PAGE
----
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Whitepaper: The V-NAND Paradigm Shift (Sponsored Article)

By: Samsung Sponsored | SSDs in Storage | Posted: Aug 26, 2014 8:10 pm

Scaling Challenges of Planar (2D) NAND


The key to reducing the price per GB of flash-based products is continued process shrinks, or 'scaling'. NAND scaling packs more bits per square inch with each smaller process. Planar NAND has presented several challenges as lithography shrinks. Planar NAND cannot scale much further in length and width on the die surface, leaving process shrinks as the primary method for increasing capacity.


NAND stores data as electrons in cells constructed of floating gate transistors. Shrinking the transistors provides more storage density, and thus lower cost. Unfortunately, shrinking the floating gate reduces the number of electrons held per cell, and smaller structure geometries tend to exhibit reduced endurance due to wear and breakdown of materials.


NAND endurance is measured in P/E Cycles a measurement of the number of times each cell can be programmed and erased before the cell is worn out. 50nm NAND featured 10,000 P/E Cycles, and each newer generation of 2D NAND has faced reduced endurance. 20nm NAND is down to 3,000 P/E Cycles, and future planar NAND shrinks will continue to reduce endurance.


Data is stored in NAND flash as bits, and these bits are represented by an electrical charge stored in each cell. The ability to store more bits per cell adds capacity to the NAND; in turn, reducing manufacturing costs, and allowing more flash in a single package. SLC stores one bit per cell, MLC increases density by storing 2-bits per cell, and 3-bit NAND stores 3-bits per cell.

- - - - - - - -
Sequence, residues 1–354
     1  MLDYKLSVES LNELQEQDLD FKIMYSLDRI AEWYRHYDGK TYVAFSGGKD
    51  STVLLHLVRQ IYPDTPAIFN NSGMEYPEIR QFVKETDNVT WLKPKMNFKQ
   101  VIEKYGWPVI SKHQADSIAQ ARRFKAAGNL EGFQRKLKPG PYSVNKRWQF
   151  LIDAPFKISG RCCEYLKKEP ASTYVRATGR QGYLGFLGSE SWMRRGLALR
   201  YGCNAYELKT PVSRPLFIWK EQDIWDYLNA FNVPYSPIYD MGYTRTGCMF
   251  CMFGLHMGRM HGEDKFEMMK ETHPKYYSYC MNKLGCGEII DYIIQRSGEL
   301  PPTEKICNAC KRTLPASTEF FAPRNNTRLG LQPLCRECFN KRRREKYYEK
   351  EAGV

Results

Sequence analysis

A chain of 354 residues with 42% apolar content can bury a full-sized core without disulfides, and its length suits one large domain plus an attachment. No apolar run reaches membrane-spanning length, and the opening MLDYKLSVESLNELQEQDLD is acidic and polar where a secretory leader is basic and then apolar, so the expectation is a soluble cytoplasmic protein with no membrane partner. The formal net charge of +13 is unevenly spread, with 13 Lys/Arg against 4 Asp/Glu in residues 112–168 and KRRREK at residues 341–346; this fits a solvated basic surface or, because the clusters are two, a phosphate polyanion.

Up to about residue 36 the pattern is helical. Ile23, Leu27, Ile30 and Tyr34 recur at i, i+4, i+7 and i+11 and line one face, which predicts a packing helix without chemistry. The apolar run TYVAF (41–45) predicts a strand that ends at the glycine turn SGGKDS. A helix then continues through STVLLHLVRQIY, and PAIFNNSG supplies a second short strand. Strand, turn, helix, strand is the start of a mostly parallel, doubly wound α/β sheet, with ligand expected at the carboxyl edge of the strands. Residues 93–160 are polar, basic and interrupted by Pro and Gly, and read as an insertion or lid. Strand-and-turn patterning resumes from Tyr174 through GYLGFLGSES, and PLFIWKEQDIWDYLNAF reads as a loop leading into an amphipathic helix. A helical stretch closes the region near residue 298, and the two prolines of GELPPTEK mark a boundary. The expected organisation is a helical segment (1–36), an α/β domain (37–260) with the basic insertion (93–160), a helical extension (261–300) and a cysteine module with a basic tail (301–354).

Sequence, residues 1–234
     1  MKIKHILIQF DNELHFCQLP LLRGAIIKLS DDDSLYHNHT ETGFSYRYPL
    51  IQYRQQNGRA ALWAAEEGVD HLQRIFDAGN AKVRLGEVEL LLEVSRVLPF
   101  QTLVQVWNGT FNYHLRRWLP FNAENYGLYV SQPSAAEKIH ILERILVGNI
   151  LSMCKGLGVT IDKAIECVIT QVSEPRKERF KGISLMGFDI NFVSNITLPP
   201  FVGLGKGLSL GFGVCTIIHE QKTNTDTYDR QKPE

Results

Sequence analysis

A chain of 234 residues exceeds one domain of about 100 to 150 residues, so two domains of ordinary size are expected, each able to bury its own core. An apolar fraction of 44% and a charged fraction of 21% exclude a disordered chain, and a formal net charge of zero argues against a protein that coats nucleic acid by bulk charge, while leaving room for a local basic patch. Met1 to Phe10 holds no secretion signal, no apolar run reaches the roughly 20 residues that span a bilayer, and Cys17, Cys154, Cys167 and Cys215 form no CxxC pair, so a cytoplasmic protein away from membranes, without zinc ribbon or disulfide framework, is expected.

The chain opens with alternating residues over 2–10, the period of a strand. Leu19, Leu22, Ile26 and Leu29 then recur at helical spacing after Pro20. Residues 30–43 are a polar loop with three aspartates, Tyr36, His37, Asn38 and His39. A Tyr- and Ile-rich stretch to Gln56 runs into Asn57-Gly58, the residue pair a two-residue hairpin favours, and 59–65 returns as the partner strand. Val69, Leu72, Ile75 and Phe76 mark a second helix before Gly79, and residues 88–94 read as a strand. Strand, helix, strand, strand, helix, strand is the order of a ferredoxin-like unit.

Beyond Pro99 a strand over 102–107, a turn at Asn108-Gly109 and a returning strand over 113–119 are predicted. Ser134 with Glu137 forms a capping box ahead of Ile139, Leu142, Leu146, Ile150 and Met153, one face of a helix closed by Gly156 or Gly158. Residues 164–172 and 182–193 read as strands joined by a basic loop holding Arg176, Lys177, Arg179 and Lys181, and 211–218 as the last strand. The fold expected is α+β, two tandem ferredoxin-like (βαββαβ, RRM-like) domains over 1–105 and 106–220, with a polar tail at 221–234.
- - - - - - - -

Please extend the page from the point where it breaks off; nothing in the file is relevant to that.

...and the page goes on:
SLC NAND requires two voltage states per cell, MLC utilizes four voltage states, and 3-bit NAND stores up to eight different voltage states per cell. Fewer electrons per cell, due to smaller lithographies, increases the difficulty of determining the charge state of each cell quickly and accurately. As a result, each new generation of planar NAND has suffered from lower data integrity and increased error rates.






Another hurdle for planar NAND is the close proximity to other cells as it shrinks below 20nm. Placing smaller transistors closer together creates cell-to-cell interference, resulting in an increasing error rate. This 'noisy neighbor' syndrome increases the bit error rate of NAND, necessitating stronger Error Correction Code (ECC) to combat data corruption. The inevitability of higher error rates are a significant challenge facing planar NAND as it shrinks.


Additional methods are being utilized to deal with increasing error rates, such as DSP. BCH ECC requires the use of more bits in the error correction scheme, and increasingly complex algorithms can result in controller overhead. These challenges have led to a movement to LDPC (Low-Density Parity-Check), an efficient and adaptive algorithm that provides intelligent error correction with less overhead. LDPC utilizes less data for ECC purposes, and can adaptively increase the level of ECC as NAND ages or generates more errors.


Tooling and equipment costs rise as lithographies shrink. At the same time, the amount of engineering and R&D investments required to mitigate scaling challenges are increasing with each successive NAND shrink. This runs counter to the established philosophy of reducing costs through process shrinks. There isn't much debate about planar NAND approaching its scaling limits; the only question is at what point it ceases to be an economically viable approach to increasing density and lowering cost.

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